My mother and father divorced when I was four-years-old, following his affair. My father moved in with and married the woman with whom he had the affair, taking on her children. In time having a child together. For many years my father and I did not have the greatest relationship, as I felt myself to be second best to his new family. Moreover, my father lived a very aspirational upper-middle-class life, while my mother and I were very much working class, despite my mother’s desire to transcend her social position. I was sub-consciously motivated by the need to demonstrate to my father opposition to his values. The values I believed had rejected me. Nothing I believed achieved this aim better than adopting and demonstrating my allegiance to the cause of the working class, a cause my father and his family, conservatives and royalists all, opposed. It worked and following some initial conflict got us talking again. The relationship thawed and we began spending time with one another and since have developed a good relationship.
My relationship with my father I soon came to understand was just one reason for me adopting this persona. Of greater significance was the realisation that I had been living in fear for years. I was scared to operate in the world with the rules that others lived by. Because I was scared of failure in the world as it is, I projected a persona that rejected that world. I thought if I couldn’t get on with the same rules as everyone else, I would deny them and live according to a new set of rules that better suited me. I figured it was better to reject the world I felt had rejected me and create a fantasy of striving for a brave new world where I understood the rules better than most. It was the same fear and confusion that caused me to drink more than I should. Radicalism and hedonism both were vices that buried what I came to understand as ‘my truth’.
It all became clear; my activism was often virtue signalling, activism I engaged in to demonstrate the supposed superiority of my values as I rejected the dominant values of society. It was a cold and stark realisation. I can only describe the immensity of this moment by likening it to standing naked on top of a mountain being lashed by the elements, or as a raw nerve exposed to the world, sensitive to the slightest touch. It was excruciatingly painful for some time, but once fully digested and understood, incredibly liberating. I was hiding from my fears and shortcomings with dogma and drink, rather than using them as barometers for where I was in life. Eventually, I realised that I could live free of dogma, I understood why I drank, and for the first time, I was free to discover my true self. The real me could be whoever and whatever I wanted to be, so long as I was completely honest with myself. I developed a near-obsession with the notion of truth.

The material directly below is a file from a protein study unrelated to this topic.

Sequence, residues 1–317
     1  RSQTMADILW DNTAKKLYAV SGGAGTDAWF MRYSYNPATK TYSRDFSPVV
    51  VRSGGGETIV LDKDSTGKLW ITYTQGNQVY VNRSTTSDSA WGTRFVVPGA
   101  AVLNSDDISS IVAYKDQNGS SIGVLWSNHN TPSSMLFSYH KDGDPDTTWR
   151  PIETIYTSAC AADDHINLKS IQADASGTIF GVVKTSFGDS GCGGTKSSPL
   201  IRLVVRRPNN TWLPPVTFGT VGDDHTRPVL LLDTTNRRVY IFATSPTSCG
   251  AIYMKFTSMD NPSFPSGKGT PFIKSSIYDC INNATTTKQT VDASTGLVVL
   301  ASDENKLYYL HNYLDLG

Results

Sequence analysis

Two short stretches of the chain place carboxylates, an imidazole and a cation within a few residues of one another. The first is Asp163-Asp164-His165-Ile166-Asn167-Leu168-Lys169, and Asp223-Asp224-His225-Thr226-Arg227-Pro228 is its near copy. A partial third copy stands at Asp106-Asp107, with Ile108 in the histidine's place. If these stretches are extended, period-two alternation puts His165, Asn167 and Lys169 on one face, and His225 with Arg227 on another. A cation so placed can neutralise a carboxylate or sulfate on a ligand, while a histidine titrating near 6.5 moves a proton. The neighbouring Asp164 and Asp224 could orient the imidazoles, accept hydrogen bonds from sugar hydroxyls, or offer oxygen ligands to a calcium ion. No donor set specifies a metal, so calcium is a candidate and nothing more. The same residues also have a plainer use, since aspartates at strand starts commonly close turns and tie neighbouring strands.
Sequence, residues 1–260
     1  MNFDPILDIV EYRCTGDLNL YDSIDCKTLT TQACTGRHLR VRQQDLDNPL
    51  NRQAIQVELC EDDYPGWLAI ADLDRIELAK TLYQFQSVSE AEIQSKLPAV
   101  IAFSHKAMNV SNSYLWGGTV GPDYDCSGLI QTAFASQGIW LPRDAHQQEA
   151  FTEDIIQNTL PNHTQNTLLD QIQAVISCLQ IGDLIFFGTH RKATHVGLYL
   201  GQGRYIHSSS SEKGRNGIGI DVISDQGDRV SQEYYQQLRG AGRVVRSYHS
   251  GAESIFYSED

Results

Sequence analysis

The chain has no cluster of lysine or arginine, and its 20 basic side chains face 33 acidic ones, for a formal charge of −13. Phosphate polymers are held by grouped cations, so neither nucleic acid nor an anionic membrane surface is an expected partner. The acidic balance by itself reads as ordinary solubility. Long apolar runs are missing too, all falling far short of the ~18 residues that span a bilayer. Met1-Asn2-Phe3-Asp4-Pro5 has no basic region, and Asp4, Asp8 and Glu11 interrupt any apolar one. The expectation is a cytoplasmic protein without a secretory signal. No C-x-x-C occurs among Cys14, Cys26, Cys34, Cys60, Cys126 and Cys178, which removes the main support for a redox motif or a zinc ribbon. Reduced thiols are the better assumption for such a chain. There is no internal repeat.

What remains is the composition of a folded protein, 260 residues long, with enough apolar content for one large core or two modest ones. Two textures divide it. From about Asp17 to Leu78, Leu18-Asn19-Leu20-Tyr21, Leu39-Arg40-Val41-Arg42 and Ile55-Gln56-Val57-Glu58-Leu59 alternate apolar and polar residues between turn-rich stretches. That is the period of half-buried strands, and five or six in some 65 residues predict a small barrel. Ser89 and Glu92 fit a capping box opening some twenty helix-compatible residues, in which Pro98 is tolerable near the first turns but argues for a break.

At this time I also began to question the motivations of many other people I knew who had adopted a life of radicalism. I came to understand that many such people who, like me, gravitated in this direction are damaged in some way and radicalism offers them, at least on the surface, a purpose and a meaning to life. Like hedonism, radicalism can provide cover for something missing in our lives. Viewing life through this new lens I no longer trusted many of the elder statesmen on the left as it seemed to me they were compelled to live as they were as life offered them no positive alternatives or opportunities. They had vested interests in building their sectarian groups because, to be frank, their lives depended on it.
To live a life of radicalism, often, is to corrupt oneself, to hide from and lie to oneself and others. As it is with people who drink excessively and/or take drugs. They aren’t happy. They sell themselves short. Something is missing from their lives, as it was mine.
Radicalism and hedonism are too often seductive vices for the foolish, the misled, and the weak. When radicalism promises salvation and hedonism offers oblivion, they can so easily usurp us. Egos can be built on this mindset and a lifestyle of inadequacy, weakening one’s ability to adapt to the adversities of life, succumbing to hedonism or the out-of-the-box identity of radicalism, never tasting the success of fulfilling one’s true potential. To live this way requires less self-discipline as one ‘fights the good fight’ and/or follows ‘the road of excess’, but in time is brutal to mind and spirit, and drains one’s soul.
The radical left and the pursuit of hedonism were dead ends for me, as they are for many others. By finding purpose and taking full responsibility for the direction of my own life, I finally understand what it means to live authentically.